Albert Pryce Jones of the Welsh mail-order house Pryce Jones established a Canadian branch that operated in Calgary from 1911 to 1916. The department store spurred the construction of a new Hudson's Bay Company store in downtown Calgary although it closed when Pryce Jones enlisted as Commander of the 113th battalion of the Lethbridge Highlanders during the First World War.

"Calgary's Valentine," the Pryce Jones department store, opened on Tuesday, February 14, 1911, in a new red brick building on the northwest corner of 12th Avenue and First Street SW. It was billed as a "Metropolitan Store for the Metropolis of the Last West." Management invited customers to participate in the store's success. "We have a mission to fill in Calgary and we plan with your assistance to make this store second to none, not even the huge metropolitan stores of the East. We believe the sublime optimism which is fostered and thrives only on the fenceless prairies of the West will aid us in doing this. We want your co-operation and patronage; in return we will give you good service, reasonable prices and the finest goods the world produces."

Calgary's P Read More
Albert Pryce Jones of the Welsh mail-order house Pryce Jones established a Canadian branch that operated in Calgary from 1911 to 1916. The department store spurred the construction of a new Hudson's Bay Company store in downtown Calgary although it closed when Pryce Jones enlisted as Commander of the 113th battalion of the Lethbridge Highlanders during the First World War.

"Calgary's Valentine," the Pryce Jones department store, opened on Tuesday, February 14, 1911, in a new red brick building on the northwest corner of 12th Avenue and First Street SW. It was billed as a "Metropolitan Store for the Metropolis of the Last West." Management invited customers to participate in the store's success. "We have a mission to fill in Calgary and we plan with your assistance to make this store second to none, not even the huge metropolitan stores of the East. We believe the sublime optimism which is fostered and thrives only on the fenceless prairies of the West will aid us in doing this. We want your co-operation and patronage; in return we will give you good service, reasonable prices and the finest goods the world produces."

Calgary's Pryce Jones department store was the Canadian branch of a famous mail-order house established in Newtown, Wales, around 1851. Rumours of the company's Calgary plans surfaced in June 1910, when Albert Pryce Jones, who was visiting from Wales and staying at the Braemar Lodge, bought property on First Street SW and commissioned the local architectural firm of Hodgson and Bates to draft plans for a store. Two months later, local contractor George H. Archibald and Company were at work constructing the three-storey (plus basement) reinforced-concrete-and-brick structure. The project proceeded quickly and by November the local newspaper profiled the building as it neared completion.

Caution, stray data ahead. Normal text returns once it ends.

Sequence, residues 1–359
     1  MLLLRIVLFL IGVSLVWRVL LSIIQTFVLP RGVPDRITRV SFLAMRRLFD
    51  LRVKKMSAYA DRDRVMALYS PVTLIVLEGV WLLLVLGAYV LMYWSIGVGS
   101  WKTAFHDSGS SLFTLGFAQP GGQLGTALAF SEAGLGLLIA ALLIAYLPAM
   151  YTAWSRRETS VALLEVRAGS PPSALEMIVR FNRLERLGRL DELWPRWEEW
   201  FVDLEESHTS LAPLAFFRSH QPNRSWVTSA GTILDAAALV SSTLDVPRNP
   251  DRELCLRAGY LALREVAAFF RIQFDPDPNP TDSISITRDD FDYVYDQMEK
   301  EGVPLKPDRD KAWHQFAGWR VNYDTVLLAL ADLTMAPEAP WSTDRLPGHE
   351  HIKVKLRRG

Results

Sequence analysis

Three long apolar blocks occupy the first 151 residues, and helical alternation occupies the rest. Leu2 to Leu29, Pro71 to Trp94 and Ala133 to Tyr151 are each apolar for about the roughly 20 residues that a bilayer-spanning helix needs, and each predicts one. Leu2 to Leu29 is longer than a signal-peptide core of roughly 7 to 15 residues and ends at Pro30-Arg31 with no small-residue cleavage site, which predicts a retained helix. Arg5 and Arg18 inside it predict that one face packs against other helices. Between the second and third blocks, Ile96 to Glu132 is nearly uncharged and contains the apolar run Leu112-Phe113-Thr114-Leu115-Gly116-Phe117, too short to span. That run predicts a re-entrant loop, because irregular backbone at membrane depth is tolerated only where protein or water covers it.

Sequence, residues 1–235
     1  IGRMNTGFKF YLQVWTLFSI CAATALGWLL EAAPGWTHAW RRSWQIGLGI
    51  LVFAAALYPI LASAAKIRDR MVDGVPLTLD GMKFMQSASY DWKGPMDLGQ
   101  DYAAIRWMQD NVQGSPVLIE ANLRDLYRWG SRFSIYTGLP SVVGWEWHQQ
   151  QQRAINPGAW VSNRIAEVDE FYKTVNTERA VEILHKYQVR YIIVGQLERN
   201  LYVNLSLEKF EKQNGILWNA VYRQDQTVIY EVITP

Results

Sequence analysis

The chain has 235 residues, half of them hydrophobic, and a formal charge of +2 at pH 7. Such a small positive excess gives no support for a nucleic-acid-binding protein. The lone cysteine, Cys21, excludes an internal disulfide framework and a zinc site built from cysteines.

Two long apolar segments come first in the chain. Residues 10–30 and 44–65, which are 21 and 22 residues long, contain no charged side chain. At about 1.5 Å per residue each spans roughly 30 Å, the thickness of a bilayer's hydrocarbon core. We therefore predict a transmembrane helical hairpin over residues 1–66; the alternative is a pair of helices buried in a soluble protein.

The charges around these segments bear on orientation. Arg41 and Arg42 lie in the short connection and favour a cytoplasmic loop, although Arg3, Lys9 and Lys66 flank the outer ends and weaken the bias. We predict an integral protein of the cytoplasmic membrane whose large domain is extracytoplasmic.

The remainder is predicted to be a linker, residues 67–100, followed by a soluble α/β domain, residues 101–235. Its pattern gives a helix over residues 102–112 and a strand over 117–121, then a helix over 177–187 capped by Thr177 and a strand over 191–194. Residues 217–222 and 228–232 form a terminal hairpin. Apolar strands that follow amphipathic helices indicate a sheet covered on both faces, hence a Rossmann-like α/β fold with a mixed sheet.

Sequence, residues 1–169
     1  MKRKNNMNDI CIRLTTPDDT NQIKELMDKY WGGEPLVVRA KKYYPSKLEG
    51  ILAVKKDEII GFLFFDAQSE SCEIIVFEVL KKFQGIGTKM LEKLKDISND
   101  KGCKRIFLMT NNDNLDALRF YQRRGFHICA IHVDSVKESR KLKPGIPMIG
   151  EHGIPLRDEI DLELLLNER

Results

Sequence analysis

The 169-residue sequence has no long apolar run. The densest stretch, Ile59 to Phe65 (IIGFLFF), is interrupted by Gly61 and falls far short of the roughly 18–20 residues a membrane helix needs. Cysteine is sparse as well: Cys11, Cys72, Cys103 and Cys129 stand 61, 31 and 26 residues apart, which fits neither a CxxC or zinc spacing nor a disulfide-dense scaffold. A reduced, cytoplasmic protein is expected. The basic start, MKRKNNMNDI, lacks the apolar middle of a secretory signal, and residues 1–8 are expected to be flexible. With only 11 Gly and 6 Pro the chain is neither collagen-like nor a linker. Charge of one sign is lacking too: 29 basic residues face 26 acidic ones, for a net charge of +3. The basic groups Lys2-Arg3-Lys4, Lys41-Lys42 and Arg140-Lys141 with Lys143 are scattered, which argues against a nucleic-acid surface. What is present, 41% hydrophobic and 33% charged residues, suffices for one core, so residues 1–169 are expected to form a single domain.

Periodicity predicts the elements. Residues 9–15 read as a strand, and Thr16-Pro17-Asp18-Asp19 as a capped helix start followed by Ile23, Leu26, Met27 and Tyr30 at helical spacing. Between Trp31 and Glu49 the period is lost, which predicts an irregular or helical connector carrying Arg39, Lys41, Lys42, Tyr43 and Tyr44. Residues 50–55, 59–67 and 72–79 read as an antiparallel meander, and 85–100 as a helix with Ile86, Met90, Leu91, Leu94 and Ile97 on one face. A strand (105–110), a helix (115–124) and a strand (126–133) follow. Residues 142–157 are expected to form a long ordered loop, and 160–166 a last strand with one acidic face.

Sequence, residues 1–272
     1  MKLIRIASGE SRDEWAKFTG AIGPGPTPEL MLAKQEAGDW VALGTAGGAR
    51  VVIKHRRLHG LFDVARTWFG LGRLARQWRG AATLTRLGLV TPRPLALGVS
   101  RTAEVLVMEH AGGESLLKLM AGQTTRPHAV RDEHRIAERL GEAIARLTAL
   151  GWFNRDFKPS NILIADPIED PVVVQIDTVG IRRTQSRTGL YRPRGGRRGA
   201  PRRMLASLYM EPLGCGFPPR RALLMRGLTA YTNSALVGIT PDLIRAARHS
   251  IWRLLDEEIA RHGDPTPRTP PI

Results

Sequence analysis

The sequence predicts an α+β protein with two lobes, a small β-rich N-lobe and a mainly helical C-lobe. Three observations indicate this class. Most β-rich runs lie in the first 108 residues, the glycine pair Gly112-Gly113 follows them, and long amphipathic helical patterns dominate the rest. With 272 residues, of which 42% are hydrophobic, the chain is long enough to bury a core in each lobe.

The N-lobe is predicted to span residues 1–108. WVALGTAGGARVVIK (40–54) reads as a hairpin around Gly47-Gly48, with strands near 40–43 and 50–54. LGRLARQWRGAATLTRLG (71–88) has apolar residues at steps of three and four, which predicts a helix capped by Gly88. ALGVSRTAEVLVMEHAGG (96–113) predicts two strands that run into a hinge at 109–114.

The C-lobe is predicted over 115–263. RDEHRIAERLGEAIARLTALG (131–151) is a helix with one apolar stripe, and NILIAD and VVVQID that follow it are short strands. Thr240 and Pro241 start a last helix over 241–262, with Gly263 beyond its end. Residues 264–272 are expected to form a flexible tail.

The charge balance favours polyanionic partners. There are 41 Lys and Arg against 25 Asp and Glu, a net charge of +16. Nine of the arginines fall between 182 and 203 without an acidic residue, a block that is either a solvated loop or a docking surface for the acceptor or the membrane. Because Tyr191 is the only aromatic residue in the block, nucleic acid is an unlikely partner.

© Canadian Museum of Civilization Corporation

The store, open weekdays from 8:30 a.m. to 5:30 p.m. and Saturdays until 9:30 p.m., featured street-level display windows, glass showcases, mirrored pillars, solid quartered oak counters and fittings, and electric tungsten lamps with shades of brushed brass. It was an elegant emporium chock full of fine merchandise. Newspaper articles leading up to the grand opening described the layout of the store floor by floor:

Basement: groceries, candies, Venetian cut glass, crockery, hardware, china, leather goods, and the mail-order department.

Ground floor: silks, notions, laces, ribbons, hosiery, gloves, velvets, dress goods, tweeds, flannels, gents' furnishings, men's and boys' clothing, hats, caps, art, and needlework.

First floor: corsets, children's and babies' wear, perambulators, ladies' white wear and dresses, household linens, curtains, house furnishings, blankets, and rugs.

Top floor: carpets, linoleums, oil cloths, bedsteads, mattresses, pillows, carpet sweepers, general offices, dressmaking rooms, writing room, and the crowning glory, the Royal Welsh Tea Room, furnished in the Mission style, where an orchestra played Read More
The store, open weekdays from 8:30 a.m. to 5:30 p.m. and Saturdays until 9:30 p.m., featured street-level display windows, glass showcases, mirrored pillars, solid quartered oak counters and fittings, and electric tungsten lamps with shades of brushed brass. It was an elegant emporium chock full of fine merchandise. Newspaper articles leading up to the grand opening described the layout of the store floor by floor: